Saturday, February 20, 2016

The Machinery of Looting: A Case Study

Over the last few weeks, I have been describing how the machinery of looting built by the U.S. and Europe has worked to enrich Europe and America at the expense of the rest of the world.  This is the reason why the calls of some wealthy people with loud voices to restrict the entry of refugees and immigrants into the European Union or the United States (or the other four of the Five Eyes) are so immoral.

This week I want to provide a case study of one such instance of looting, namely Haiti.  Here then is a repost of an essay I wrote shortly after the Haitian earthquake of 2010 (an earthquake which many suspect was caused by undersea oil extraction activities that are remarkably similar to fracking).  In  the aftermath of the disaster caused by that quake, the U.S. sent over 10,000 troops to chase aid workers from other countries out of Haiti (including many doctors sent to Haiti by Cuba, a nation which produces some of the finest primary care and emergency doctors on earth), in order to protect the assets of foreign companies which had operations in Haiti.  Oops! - er, I mean, to help the "democratically elected" government of Haiti "deal with unruly, rioting crowds and restore order."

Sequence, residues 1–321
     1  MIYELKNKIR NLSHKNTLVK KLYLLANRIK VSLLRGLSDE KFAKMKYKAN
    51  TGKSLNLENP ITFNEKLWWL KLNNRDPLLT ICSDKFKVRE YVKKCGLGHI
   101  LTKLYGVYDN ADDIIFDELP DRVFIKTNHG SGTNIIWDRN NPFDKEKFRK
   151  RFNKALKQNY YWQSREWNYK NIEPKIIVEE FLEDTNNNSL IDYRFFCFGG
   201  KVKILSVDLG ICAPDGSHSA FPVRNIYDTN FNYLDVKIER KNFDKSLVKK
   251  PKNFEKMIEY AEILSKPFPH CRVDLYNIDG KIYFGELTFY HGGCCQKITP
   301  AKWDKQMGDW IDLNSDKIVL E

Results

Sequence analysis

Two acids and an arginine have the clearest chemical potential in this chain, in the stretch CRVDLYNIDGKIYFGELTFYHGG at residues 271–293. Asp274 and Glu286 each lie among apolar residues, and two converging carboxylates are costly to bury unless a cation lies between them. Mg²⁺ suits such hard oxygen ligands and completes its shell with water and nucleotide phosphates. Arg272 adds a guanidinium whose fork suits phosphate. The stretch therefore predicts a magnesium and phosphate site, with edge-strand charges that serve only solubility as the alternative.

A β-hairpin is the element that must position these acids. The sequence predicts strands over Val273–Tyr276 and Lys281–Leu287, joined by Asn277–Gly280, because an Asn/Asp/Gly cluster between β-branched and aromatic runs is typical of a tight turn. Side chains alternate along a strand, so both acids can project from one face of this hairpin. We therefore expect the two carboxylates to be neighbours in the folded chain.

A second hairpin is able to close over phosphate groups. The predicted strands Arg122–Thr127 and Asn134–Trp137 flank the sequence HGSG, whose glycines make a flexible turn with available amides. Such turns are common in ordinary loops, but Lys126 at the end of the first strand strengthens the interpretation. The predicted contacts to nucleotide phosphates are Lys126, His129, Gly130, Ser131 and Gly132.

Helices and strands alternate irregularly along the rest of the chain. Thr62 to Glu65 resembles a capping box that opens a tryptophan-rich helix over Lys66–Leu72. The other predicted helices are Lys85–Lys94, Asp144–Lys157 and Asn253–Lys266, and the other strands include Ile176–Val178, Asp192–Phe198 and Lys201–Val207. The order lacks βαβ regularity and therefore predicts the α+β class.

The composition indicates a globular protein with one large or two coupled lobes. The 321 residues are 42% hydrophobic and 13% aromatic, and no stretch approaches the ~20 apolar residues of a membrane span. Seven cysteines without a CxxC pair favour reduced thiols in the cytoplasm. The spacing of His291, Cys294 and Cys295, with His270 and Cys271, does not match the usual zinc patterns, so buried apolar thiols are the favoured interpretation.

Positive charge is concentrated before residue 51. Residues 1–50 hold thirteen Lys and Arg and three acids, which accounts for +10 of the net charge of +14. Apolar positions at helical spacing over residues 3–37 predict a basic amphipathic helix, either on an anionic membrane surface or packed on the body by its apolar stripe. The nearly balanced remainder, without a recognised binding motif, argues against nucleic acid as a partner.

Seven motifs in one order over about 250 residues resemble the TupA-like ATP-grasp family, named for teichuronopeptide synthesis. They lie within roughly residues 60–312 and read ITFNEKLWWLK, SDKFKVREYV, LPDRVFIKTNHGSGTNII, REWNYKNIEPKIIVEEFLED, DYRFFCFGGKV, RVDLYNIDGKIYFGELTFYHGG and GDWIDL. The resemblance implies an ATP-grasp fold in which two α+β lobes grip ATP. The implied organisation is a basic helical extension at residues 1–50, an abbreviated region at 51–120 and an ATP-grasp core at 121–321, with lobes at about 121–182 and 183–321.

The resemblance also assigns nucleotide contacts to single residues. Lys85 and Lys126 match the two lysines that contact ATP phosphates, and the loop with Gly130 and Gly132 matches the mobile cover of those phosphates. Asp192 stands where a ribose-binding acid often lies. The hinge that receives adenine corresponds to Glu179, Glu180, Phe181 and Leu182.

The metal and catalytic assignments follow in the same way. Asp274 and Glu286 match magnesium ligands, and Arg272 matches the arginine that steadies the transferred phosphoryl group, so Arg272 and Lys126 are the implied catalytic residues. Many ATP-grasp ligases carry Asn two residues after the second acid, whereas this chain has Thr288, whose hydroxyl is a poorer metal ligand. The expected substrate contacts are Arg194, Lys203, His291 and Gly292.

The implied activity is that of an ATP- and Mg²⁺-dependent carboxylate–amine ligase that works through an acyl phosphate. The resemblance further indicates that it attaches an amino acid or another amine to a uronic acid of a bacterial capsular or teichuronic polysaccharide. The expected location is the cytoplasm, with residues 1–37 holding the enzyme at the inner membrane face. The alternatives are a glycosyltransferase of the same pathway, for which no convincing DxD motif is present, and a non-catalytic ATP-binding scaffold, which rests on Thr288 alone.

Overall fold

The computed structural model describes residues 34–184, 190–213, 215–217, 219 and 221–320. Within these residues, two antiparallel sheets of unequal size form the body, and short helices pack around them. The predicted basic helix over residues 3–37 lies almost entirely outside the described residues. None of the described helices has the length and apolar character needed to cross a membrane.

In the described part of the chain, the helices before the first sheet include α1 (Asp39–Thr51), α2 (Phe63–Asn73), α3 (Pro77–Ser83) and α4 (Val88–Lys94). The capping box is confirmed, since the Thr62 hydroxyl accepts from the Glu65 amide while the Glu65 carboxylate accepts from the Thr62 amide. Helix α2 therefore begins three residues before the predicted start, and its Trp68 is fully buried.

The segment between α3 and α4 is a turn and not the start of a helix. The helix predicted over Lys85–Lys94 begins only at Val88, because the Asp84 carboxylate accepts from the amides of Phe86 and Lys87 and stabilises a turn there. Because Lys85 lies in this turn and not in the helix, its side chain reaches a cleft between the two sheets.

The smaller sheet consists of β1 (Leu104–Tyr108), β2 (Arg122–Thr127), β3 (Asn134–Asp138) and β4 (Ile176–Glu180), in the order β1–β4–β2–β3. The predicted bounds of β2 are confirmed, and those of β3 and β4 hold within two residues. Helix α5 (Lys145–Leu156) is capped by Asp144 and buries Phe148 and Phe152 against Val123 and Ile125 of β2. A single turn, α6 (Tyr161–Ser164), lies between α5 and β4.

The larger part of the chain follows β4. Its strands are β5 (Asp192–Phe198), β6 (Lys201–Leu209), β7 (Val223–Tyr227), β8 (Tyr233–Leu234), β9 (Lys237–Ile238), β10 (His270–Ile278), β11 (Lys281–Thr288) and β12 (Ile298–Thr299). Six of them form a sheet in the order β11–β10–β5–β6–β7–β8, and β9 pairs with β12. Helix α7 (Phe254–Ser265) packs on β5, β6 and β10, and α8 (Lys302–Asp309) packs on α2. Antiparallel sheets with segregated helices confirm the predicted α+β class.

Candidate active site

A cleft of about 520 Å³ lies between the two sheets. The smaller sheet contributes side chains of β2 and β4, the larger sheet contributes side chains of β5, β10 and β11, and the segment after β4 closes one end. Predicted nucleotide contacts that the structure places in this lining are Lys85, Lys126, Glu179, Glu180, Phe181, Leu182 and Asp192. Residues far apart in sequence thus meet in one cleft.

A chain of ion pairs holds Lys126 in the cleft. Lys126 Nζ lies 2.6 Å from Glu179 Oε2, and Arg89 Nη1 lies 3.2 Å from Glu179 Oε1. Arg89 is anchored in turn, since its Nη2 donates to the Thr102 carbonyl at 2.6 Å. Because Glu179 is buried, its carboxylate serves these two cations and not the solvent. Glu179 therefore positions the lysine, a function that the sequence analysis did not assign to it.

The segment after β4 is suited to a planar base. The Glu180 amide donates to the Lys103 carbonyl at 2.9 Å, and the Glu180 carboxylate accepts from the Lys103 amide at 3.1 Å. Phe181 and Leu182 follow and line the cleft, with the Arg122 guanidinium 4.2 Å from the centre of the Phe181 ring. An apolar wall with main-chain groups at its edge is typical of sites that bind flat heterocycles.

Thankfully, many of the foreign interests who "own" assets in Haiti are now on the ropes economically, as I wrote in a previous post.  And many of the customers of these foreign interests - upscale people in America and Europe who inhabit the upper-middle-class and the strata above this level - are now falling down from the lofty perches they have made for themselves, as I wrote here.  That includes engineers and scientists, lawyers, owners of private schools as well as the parents who send their kids to these, middle managers in various corporate sectors, entertainers and news talking heads, sports stars, and investment bankers.  And to the endangered occupation list, you can also add police officers, prison correctional officers and private prison employees.  I leave the verification of that last sentence as an exercise for the reader.

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